Developing a Women's Thought Collective methodology for health research: The roles and responsibilities of researchers in the reflexive co-production of knowledge

Kristen Foley, Belinda Lunnay, Catherine Kevin, Paul R. Ward

Research output: Contribution to journalArticlepeer-review

2 Citations (Scopus)
22 Downloads (Pure)

Abstract

Background: Co-produced research holds enormous value within the health sciences. Yet, there can be a heavy focus on what research participants think, do and know; while the researcher's responsibility to explore and re/work their own knowledge or praxis tends to escape from view. This is reflected in the limited use of co-production to explore broad structural distributions of health and risk(s). We argue this missed opportunity has the potential to unfold as what Berlant calls a ‘cruel optimism’, where something desirable becomes an obstacle to flourishing and/or produces harm. We explore challenges to involving lay populations meaningfully in health research amidst a neoliberal cultural landscape that tends to responsibilise people with problems they cannot solve. 

Methods and Findings: Drawing together principles from hermeneutic and feminist philosophy, we develop a novel methodology for co-producing research about determinants of health and health risk (using a case study of alcohol consumption as an example) that centres on what researchers do, know and think during research: Women's Thought Collectives.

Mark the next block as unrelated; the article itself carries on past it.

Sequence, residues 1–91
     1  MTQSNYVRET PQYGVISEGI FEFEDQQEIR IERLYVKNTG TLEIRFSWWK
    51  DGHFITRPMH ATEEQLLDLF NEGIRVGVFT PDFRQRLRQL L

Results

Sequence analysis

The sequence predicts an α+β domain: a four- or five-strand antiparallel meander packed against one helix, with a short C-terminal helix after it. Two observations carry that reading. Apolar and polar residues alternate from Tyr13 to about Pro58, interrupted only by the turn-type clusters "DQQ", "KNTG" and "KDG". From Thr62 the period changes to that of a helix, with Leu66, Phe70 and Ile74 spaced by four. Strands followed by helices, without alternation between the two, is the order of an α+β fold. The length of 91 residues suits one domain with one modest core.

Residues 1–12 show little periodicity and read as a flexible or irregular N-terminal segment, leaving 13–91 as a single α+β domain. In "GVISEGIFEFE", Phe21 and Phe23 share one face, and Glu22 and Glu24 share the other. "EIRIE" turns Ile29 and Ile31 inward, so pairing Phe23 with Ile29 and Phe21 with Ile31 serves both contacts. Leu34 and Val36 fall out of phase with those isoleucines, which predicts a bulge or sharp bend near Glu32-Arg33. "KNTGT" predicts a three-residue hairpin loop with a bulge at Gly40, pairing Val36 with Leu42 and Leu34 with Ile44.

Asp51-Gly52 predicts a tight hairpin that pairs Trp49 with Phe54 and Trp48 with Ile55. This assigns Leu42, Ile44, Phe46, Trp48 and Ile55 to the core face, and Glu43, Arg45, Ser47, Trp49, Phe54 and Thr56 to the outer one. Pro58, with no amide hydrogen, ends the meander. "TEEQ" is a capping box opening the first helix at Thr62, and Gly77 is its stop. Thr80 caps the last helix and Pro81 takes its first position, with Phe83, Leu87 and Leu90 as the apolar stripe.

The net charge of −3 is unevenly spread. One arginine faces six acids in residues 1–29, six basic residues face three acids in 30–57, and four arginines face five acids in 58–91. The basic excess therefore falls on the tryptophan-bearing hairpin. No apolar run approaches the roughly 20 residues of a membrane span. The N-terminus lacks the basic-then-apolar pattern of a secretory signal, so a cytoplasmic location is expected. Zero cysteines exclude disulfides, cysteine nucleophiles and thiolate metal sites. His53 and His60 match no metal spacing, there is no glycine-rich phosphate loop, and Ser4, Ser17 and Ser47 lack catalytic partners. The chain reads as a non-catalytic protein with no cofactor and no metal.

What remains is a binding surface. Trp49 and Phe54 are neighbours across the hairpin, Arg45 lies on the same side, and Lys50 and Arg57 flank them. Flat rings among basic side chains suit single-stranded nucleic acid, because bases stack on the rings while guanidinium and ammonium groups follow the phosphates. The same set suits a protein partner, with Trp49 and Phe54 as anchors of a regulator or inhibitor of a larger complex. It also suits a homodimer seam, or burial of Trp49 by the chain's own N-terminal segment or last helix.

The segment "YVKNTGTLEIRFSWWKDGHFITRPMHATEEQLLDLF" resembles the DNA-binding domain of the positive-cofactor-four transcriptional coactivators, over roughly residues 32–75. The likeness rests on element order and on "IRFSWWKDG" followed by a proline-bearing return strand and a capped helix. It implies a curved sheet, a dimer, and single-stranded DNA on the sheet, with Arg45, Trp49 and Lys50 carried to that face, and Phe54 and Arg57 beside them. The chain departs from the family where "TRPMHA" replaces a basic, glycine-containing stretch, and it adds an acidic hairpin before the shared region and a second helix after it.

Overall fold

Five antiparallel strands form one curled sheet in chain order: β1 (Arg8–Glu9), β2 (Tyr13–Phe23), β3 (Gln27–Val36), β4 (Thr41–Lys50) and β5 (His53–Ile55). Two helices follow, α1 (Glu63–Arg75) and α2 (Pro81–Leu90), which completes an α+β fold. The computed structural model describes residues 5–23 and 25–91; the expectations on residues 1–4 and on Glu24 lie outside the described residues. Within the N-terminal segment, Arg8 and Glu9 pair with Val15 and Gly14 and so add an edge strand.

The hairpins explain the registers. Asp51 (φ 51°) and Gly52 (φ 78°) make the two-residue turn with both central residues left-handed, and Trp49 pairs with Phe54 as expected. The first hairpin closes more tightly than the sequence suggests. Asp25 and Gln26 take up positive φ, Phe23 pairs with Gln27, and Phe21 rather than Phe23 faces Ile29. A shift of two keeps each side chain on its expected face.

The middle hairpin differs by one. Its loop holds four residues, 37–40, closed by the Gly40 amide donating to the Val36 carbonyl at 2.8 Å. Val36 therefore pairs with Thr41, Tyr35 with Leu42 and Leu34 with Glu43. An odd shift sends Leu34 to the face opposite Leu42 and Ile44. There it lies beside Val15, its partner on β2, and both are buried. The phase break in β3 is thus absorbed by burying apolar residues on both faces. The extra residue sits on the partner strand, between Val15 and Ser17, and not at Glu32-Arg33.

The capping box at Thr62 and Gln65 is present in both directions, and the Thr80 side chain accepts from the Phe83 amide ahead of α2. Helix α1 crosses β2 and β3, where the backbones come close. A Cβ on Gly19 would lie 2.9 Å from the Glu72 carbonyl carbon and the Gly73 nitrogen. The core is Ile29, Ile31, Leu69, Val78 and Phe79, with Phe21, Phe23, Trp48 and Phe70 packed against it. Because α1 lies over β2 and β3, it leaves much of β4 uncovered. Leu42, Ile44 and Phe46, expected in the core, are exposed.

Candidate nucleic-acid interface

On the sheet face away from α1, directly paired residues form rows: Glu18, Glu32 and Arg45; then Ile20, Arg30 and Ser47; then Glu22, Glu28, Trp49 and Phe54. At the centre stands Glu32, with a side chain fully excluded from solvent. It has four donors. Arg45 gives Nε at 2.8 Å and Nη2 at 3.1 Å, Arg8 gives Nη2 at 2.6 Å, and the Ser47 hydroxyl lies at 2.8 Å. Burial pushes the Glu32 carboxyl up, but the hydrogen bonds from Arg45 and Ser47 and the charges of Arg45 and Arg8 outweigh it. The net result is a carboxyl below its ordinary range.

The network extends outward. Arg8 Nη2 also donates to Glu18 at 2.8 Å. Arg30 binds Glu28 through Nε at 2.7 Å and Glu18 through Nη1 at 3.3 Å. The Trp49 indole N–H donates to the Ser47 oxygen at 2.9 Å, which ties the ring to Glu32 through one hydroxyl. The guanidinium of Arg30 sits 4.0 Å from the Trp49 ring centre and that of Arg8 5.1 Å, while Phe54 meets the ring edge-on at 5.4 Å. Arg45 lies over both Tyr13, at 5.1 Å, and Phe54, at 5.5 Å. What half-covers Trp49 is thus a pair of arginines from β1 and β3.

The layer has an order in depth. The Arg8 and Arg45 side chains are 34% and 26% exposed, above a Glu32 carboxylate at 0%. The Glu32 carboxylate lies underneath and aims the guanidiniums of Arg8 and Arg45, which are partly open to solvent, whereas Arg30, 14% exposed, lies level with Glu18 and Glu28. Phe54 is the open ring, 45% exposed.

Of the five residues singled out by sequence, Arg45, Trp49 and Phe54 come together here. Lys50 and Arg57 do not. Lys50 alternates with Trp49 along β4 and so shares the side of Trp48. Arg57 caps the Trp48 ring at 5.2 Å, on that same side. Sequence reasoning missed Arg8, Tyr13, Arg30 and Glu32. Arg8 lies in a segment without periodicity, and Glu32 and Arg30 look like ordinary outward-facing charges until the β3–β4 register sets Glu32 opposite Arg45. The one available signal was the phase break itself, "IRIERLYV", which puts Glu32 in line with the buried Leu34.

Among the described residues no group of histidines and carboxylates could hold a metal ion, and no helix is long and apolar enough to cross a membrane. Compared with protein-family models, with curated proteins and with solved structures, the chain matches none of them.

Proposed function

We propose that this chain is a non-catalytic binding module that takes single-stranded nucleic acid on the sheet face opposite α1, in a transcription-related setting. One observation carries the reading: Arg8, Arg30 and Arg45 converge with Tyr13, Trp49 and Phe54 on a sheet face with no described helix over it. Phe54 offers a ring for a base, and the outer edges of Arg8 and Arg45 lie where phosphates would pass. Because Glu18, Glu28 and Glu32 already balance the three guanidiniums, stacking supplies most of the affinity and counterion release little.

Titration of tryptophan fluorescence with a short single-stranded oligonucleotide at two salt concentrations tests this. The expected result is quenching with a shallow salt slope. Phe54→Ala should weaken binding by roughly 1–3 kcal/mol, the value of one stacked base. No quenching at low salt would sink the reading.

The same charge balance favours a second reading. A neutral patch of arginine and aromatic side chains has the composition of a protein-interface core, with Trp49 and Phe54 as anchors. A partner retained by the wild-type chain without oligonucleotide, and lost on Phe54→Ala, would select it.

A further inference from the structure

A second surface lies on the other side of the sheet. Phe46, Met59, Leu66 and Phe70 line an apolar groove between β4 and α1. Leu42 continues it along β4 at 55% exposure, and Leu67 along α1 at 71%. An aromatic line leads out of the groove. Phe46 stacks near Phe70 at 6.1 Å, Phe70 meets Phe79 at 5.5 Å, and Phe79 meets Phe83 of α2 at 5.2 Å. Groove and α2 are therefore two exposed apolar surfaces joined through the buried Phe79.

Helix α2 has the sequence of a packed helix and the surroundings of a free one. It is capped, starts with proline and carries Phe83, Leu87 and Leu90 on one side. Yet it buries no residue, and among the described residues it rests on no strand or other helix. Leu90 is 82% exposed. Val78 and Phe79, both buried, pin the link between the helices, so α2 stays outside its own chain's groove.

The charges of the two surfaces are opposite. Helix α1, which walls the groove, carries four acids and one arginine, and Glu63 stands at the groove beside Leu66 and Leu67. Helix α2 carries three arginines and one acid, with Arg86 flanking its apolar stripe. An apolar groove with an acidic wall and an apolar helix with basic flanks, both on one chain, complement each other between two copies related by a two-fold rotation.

Discussion: Keeping the constructed nature of social systems—because they shape ideas of value, expertise and knowledge—in view during co-produced research illuminates the potential for cruel optimisms within it. Such reflexive awareness carves out starting points for researchers to engage with how social hierarchies might (tacitly) operate during the co-production of knowledge. Our work has broad utility for diverse population groups and provides important considerations around the roles and responsibilities for reflexive co-production of knowledge at all levels of health systems. 

Patient or Public Contribution: The development of these ideas was sparked by working with lay participants during the Women's Thought Collectives for Kristen Foley's doctoral research 2021–2023, but undertaken without their direct involvement—in accordance with the responsibilities of researchers in the reflexive co-production of knowledge. Forthcoming publications will address the outcomes and processes of this work.

Original languageEnglish
Pages (from-to)1954-1964
Number of pages11
JournalHealth Expectations
Volume26
Issue number5
Early online date31 Jul 2023
DOIs
Publication statusPublished - Oct 2023

Keywords

  • co-production
  • feminism
  • hermeneutics
  • knowledge
  • reflexivity

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